Can You Have Your Cake And Eat It?
In a decision issued earlier this week by the Northern Ireland Court of Appeal, it has been confirmed that the refusal by Ashers bakery to supply a cake with a slogan which supports gay marriage was unlawful discrimination.
Briefly, the facts in this case were that in May 2014, Mr Gareth Lee, who is gay, ordered a cake with the message “Support Gay Marriage” and depicting the Sesame Street characters, Bert and Ernie. The owners of the bakery, the McArthurs, refused to fulfil that order. They are Christians and the reason for refusal was because of their religious beliefs. They are opposed to the proposed change in the law around same sex marriage as they see that as sinful. The claim issued by Mr Lee was for breach of a statutory duty in and around the provision of goods facilities and services. He claimed that by failing to provide the cake to him that he had been discriminated against on the grounds of sexual orientation and on the grounds of political opinion. He succeeded in his claim in the County Court earlier this year and so the McArthurs appealed that decision to the Court of Appeal.
The Court of Appeal upheld that decision. In their decision, the Court of Appeal asked how opposing beliefs should be dealt with, under the applicable legislation.
The Court answered:
“The answer is not to have the legislation changed and thereby remove the equality protection concerned. The answer is for the supplier of services to cease distinguishing, on prohibited grounds, between those who may or may not receive the service. Thus the supplier may provide the particular service to all or to none but not to a selection of customers based on prohibited grounds. In the present case the appellant might elect not to provide a service that involves any religious or political message. What they may not do is to provide a service that only reflects their own political or religious message in relation to sexual orientation.”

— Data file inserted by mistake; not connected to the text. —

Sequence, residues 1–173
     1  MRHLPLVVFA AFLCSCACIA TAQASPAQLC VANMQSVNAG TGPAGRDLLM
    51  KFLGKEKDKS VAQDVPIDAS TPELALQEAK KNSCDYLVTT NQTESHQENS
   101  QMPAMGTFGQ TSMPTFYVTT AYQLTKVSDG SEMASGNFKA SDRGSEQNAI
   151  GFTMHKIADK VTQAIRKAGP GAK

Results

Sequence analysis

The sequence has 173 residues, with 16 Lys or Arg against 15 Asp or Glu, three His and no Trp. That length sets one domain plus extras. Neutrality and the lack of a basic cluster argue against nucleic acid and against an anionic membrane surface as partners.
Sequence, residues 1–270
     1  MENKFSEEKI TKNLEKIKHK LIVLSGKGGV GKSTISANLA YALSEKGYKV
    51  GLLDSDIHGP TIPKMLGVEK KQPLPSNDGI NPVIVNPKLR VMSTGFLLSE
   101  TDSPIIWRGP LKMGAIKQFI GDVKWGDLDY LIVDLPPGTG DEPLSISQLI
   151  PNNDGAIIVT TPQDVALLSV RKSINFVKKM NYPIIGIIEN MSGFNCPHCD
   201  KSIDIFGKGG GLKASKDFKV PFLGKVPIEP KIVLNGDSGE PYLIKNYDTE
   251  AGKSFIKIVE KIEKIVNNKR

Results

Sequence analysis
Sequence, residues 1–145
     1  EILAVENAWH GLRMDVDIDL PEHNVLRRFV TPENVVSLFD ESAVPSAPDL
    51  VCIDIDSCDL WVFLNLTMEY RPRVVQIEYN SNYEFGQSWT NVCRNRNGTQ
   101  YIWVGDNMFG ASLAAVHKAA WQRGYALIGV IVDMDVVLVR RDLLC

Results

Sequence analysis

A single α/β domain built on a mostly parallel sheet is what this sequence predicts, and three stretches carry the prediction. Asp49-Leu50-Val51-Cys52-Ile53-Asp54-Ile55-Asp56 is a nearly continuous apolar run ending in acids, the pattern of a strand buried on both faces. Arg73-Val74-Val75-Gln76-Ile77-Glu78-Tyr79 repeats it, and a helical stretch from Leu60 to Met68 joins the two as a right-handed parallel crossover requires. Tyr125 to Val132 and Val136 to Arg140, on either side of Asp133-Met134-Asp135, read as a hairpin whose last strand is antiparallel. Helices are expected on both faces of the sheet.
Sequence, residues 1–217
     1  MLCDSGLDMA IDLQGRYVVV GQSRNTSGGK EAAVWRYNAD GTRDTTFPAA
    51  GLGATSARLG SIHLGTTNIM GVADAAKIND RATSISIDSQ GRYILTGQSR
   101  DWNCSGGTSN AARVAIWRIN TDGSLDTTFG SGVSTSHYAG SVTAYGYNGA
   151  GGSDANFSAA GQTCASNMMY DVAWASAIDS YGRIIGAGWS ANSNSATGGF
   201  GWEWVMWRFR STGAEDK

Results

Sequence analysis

The McArthurs then went on to argue that they would be endorsing gay marriage by baking the cake. However, the Court of Appeal rejected this by saying:
“The fact that a baker provides a cake for a particular team or portrays witches on a Halloween cake does not indicate any support for either.”
What does this mean for businesses?
It seems that the points to take away from this Judgment are that businesses should provide their services to all customers equally, or else stop providing that service altogether, otherwise, they will face the risk of discrimination claims arising. It will, however, be interesting to see what happens next with this case and whether the McArthurs will endeavour to appeal. The next point of appeal would be to the UK Supreme Court in London. We shall have to watch this space.
Rachel Richardson is a Director in Tughans specialising in Employment Law.
While great care has been taken in the preparation of the content of this article, it does not purport to be a comprehensive statement of the relevant law and full professional advice should be taken before any action is taken in reliance on any item covered.